The History and Evolution of Pancreaticoduodenectomy

  • James F. Griffin
  • Christopher L. WolfgangEmail author


Pancreaticoduodenectomy (PD) is the procedure of choice for periampullary cancers, which include four separate malignancies occurring in the region of the ampulla of Vater: pancreatic ductal adenocarcinoma (PDAC), ampullary cancer, distal cholangiocarcinoma, and duodenal adenocarcinoma. The evolution of PD began as a series of isolated, independent resection attempts in the late 19th and early 20th centuries, but the procedure failed to gain momentum because of its great technical difficulty and dismal outcomes. Allen O. Whipple and colleagues were the first to adopt a systematic approach to radical pancreaticoduodenal resections and by 1935, they had demonstrated the technical feasibility of the procedure. However, the highly morbid operation was nearly abandoned altogether after postoperative outcomes failed to improve in the decades following Whipple’s initial success. Fortunately, a trend in centralization and standardization of care beginning in the 1980s fueled a decrease in perioperative mortality rates that now stands at 1-2% at high volume centers.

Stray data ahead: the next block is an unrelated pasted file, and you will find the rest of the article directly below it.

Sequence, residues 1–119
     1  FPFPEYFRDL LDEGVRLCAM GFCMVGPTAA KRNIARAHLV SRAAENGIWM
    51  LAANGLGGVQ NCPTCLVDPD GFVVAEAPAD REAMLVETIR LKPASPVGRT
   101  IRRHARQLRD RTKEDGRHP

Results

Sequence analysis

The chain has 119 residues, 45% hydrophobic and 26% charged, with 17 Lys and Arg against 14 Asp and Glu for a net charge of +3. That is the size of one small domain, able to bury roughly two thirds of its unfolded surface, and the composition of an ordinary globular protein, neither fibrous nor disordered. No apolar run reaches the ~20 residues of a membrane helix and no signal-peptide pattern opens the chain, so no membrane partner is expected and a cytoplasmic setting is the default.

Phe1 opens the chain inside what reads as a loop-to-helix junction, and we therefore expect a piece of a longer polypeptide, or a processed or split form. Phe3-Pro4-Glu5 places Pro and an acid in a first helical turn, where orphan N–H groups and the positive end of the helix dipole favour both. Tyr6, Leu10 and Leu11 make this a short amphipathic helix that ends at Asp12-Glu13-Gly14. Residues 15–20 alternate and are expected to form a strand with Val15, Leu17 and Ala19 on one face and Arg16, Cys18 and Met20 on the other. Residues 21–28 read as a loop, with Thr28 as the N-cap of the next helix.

Pancreatic Fistula Pancreatic Ductal Adenocarcinoma Intraductal Papillary Mucinous Neoplasm Intraductal Papillary Mucinous Neoplasm Pancreatic Head Resection 
These keywords were added by machine and not by the authors. This process is experimental and the keywords may be updated as the learning algorithm improves.


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© Springer-Verlag Berlin Heidelberg 2017

Authors and Affiliations

  1. 1.Department of SurgeryJohns Hopkins University School of MedicineBaltimoreUSA

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